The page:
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Are you a driver? Does your car do too much mobile? from blog The Technology blog and podcast

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Are you a driver? Does your car do too much mobile?

I want to have the article title be the form of a question for those who may peruse this blog post and come across it. The question is: Are you a driver? Does your car do too much mobile?

Security Now! some episodes back and Krebs On Security recently penned an article about a gentleman who had rented a car from Ford. The companion application can allow you, the driver, to start the engine, look at where the car is, and play music through your phone. These are just a few things that it can do, and I’m sure that I’m missing things.

Can you imagine the thought that once you turn in the car as a rental, that you can still have access to starting the engine, tracking its location, and other activities that the app may allow you to have access to? Mind you, the car and you are thousands of miles away, and you can still see where this thing is and control it.

The gentleman in question reached out to Ford Motor company and braught this serious issue to them with no response. The article recently penned is entitled: When Your Used Car is a Little Too ‘Mobile’ and was posted to Krebs on the 5th of February.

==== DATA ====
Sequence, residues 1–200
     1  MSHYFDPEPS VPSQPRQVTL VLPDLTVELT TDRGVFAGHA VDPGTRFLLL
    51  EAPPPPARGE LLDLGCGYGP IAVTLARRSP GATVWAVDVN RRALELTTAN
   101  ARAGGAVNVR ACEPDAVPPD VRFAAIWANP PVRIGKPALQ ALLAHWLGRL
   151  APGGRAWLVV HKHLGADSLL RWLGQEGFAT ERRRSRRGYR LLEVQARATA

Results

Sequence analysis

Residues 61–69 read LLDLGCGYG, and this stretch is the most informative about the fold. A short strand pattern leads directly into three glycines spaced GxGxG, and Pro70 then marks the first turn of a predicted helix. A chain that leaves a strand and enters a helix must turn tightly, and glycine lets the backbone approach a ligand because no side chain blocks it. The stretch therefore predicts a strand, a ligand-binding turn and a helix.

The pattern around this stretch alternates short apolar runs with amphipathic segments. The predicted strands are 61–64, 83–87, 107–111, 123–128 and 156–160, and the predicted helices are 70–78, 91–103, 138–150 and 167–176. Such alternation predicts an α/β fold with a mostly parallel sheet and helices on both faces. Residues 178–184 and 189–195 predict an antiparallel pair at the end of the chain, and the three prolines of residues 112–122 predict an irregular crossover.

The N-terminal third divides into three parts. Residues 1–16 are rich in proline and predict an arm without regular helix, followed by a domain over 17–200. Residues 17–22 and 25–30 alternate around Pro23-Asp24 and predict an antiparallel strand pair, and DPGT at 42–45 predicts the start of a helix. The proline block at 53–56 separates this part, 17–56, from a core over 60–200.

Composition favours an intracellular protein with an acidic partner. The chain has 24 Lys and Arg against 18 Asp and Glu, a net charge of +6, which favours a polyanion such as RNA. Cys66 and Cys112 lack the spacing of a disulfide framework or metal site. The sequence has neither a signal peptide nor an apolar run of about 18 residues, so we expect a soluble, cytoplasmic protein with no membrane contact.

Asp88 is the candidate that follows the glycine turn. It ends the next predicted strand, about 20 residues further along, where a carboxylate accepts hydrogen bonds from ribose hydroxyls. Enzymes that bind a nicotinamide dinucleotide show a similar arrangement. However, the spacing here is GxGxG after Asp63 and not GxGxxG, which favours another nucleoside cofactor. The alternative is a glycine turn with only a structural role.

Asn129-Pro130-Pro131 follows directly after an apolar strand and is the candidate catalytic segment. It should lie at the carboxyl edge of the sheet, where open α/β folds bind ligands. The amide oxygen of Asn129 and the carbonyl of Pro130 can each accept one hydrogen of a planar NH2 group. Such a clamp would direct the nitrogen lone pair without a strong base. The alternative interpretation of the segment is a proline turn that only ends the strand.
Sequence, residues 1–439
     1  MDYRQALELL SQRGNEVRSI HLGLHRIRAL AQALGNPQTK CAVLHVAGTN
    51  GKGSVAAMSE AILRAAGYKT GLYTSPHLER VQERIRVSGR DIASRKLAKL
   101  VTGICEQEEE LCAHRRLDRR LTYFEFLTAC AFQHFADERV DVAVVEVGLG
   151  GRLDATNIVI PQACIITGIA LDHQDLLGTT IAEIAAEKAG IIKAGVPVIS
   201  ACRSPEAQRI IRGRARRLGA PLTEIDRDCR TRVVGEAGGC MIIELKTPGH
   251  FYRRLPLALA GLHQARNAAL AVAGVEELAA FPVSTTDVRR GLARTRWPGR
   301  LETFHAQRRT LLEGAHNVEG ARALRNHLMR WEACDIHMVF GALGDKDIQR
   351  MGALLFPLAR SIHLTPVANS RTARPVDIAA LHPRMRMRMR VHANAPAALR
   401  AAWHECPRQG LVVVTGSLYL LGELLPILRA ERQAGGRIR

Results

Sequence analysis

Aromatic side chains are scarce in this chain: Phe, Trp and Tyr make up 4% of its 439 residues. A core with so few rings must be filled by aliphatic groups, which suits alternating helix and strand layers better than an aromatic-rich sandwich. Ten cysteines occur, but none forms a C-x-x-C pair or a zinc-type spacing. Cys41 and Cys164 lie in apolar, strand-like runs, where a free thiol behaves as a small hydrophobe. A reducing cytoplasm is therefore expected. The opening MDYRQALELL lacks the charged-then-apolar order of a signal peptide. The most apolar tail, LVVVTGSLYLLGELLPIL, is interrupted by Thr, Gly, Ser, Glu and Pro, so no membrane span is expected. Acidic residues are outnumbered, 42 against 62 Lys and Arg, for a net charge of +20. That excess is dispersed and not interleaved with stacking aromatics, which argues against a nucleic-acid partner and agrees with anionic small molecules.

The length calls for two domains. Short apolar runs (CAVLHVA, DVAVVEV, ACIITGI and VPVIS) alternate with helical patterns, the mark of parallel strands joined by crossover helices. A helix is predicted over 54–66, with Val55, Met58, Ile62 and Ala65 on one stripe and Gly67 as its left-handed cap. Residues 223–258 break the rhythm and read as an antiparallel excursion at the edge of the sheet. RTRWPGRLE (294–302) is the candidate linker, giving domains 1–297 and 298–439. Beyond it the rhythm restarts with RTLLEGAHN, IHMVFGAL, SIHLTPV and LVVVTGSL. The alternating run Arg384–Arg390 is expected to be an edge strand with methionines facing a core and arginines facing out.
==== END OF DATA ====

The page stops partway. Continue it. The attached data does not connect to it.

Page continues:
Security Now! covered this in January in one news segment, and I was shocked that Ford didn’t even acknowledge the issue, let alone revoke it once the car came back to a dealer for rerental.

Many modern vehicles let owners use the Internet or a mobile device to control the car’s locks, track location and performance data, and start the engine.
But who exactly owns that control is not always clear when these smart cars are sold or leased anew. Here’s the story of one former electric vehicle owner
who discovered he could still gain remote, online access to his old automobile years after his lease ended.
Mathew Marulla began leasing a Ford Focus electric vehicle in 2013, but turned the car back in to Ford at the end of his lease in 2016. So Marulla was
surprised when he recently received an email from Ford.com stating that the clock in his car was set incorrectly.

Mind you, the gentleman didn’t even have the car anymore, and I’m sure everyone who linked their app to this car got the same email message. Can you imagine the horrific things an actor can do like shut off the engine in the middle of a highway with a family in the car?

The gentleman in question even said he could start the engine using the app from thousands of miles away. How is this even possible?

If you drive, I urge you to read this article from Krebs, because it goes in to detail. Also, search the Security Now episode that this is talked about, cause it does have some interesting talking points.


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Are you a driver? Does your car do too much mobile? was released on February 8, 2020 at 2:00 pm by tech in article commentary.
Last modified: February 8, 2020.


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